Category Archives: NCAA

Do ‘smart’ helmets hold key for football player’s safety?

Head injuries in football are a hot topic in the media these days, and for good reason. Reports are continually released, detailing the rises in concussion rates and other brain injuries in youth, high school and professional football.

Many fault the NFL for covering up the dangers and allowing players to make the judgment call to resume playing after sustaining a blow to the head. President Obama announced his hesitation about youth playing the physical sport and addressed the growing concerns at a White House Summit.

Some believe the efforts, including a $30 million concussion study by the NCAA and Department of Defense, serve as a PR stunt attempting to divert attention from the topic. In fact, while we’re trying to remove the “suck it up” stigma from contact sports, many believe it’s an empty effort.

Riddell, the company that supplies two-thirds of the helmets for the NFL, developed a new ‘smart’ helmet for use in the 2014 season. A sensor in the helmet sends data to the sidelines if a player sustains an unusually hard hit, allowing a better evaluation and removal from the game if necessary.

The helmets, unfortunately, aren’t foolproof. When tested, sometime they failed to register a blow when dropped from five feet. Moreover, they can’t actually diagnose injuries; simply provide more information about whether or not a player can remain in the game.

Helmets in general aren’t the solution to ending concussions and other brain injuries in football. A study published in 2013 found that while they decrease the risk of brain injury, there isn’t any evidence to suggest they actually protect or help fight the effects of long-term head trauma.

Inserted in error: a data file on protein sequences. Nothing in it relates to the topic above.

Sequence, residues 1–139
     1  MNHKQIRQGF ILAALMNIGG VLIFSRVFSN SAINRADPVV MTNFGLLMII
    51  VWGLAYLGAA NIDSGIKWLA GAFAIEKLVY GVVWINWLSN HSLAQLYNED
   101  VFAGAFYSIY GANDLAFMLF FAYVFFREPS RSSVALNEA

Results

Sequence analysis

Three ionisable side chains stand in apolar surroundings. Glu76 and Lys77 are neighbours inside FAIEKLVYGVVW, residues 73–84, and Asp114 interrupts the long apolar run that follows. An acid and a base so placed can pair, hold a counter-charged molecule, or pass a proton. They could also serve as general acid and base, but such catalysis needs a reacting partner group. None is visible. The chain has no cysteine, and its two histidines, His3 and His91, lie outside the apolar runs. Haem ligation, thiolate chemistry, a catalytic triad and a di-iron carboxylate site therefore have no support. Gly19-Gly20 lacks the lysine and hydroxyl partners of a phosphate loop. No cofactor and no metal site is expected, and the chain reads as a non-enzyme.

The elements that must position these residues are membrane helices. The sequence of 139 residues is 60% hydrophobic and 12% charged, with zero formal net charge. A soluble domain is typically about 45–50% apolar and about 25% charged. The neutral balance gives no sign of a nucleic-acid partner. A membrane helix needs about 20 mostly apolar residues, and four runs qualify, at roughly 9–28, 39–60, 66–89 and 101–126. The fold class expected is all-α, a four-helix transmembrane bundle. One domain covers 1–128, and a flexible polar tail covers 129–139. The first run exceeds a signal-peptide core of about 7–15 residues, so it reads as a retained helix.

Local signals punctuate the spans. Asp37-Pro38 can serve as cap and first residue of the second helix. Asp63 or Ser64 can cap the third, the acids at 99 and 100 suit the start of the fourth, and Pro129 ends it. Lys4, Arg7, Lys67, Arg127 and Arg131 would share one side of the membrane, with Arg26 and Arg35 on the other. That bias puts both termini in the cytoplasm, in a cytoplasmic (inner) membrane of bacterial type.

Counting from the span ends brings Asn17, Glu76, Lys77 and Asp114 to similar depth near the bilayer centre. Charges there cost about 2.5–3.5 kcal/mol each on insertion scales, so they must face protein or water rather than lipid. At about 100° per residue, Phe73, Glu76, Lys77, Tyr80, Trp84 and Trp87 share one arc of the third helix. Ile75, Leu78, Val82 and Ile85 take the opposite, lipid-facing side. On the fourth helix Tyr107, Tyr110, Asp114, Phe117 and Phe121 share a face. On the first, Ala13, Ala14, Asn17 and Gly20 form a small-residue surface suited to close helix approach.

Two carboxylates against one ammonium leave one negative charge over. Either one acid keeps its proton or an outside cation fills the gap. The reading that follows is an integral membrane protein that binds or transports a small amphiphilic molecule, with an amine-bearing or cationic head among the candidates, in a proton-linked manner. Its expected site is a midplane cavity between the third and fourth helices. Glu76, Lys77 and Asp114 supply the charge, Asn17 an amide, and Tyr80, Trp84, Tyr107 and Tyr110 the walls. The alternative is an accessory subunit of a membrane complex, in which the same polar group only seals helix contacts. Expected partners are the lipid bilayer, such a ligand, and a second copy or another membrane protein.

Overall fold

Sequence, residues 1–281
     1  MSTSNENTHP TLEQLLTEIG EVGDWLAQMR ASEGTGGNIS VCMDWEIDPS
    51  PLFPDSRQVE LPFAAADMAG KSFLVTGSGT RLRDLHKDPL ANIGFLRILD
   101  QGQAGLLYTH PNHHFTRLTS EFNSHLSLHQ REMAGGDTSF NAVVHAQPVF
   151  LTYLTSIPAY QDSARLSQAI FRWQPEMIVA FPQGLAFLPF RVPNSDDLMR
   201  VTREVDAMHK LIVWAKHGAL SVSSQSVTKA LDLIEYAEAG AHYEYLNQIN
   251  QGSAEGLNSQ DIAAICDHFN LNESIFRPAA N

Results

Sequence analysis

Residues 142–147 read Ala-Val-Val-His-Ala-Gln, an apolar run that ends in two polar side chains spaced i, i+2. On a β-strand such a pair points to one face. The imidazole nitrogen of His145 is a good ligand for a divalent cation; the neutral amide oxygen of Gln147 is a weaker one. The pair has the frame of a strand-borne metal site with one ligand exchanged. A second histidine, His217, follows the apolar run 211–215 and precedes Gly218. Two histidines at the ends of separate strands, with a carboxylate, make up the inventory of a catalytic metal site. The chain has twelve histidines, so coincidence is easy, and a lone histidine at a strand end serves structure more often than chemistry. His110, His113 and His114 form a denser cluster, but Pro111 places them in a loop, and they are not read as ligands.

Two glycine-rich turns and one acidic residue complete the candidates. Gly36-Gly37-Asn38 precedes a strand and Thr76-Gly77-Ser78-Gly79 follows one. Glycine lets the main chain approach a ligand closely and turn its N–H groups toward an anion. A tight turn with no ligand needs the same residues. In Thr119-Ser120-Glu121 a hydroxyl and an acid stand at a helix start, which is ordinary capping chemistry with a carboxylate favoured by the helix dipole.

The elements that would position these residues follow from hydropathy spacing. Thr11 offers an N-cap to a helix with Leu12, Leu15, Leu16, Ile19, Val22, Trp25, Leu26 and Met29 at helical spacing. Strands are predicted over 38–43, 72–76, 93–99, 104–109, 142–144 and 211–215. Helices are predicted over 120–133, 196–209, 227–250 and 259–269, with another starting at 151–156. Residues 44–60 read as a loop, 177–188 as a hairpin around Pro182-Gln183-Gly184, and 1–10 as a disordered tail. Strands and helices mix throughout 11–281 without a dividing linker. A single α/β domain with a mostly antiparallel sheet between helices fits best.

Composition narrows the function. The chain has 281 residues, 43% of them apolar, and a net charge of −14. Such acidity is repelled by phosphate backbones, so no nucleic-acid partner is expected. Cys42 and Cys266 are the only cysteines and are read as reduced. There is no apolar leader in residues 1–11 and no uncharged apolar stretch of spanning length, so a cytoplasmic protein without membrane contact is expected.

In fact, Riddell is cited as a defendant in many of the current lawsuits against the NFL.

It seems like we’re scrambling, trying to find information fast to help protect the players. Hopefully some of these methods actually pan out and allow solutions to make football safer, but only time will tell.


Boston Globe. (2014). Obama’s concussion summit: Sucking it up. [Link]

Gammons, M. R. (2013). Helmets in sport: Fact and fallacy. American College of Sports Medicine. [Link]

Griggs, B. (2014). ‘Smart’ football helmet may help detect concussions. CNN. [Link]

NCAA. (2014). NCAA, DoD launch concussion study. [Link]

NCAA owes Duty of Care to protect against debilitating effects of concussions

United States Magistrate Judge Cynthia Reed Eddy of the U.S. District Court of the Western District of Pennsylvania recommended the denial of the Motion to Dismiss filed by the National Collegiate Athletic Association (NCAA) in a lawsuit filed by Matthew and Jessica Onyshko.  The NCAA moved for dismissal of the action, arguing that the Onyshkos did not allege sufficient facts in their Complaint to support their negligence claim; in particular, that the NCAA owed a legal duty to Mr. Onyshko.

Onyshko suffers from a progressive brain and spinal cord injury with ALS-like symptoms caused by repeated head trauma during his college football career as a linebacker at California University of Pennsylvania.  He and his wife filed suit against the NCAA in December 2013, alleging that the NCAA breached its duty to warn or take effective action to protect him from the long-term effects of concussions and sub-concussive blows to the head suffered while playing NCAA collegiate football.

In recommending denial of the NCAA’s Motion to Dismiss, Magistrate Judge Eddy stated that the Onyshkos alleged sufficient facts in their Complaint to proceed with their negligence claim against the NCAA.  Onyshko, who is employed as a firefighter with the city of Pittsburgh, awaits a decision on the recommendation by District Judge Cathy Bissoon.  The NCAA has until June 16 to file Objections to Judge Eddy’s Report and Recommendation.

The lawsuit was filed by Jason Luckasevic, Esquire, with Goldberg, Persky & White, P.C. of Pittsburgh, a personal injury law firm.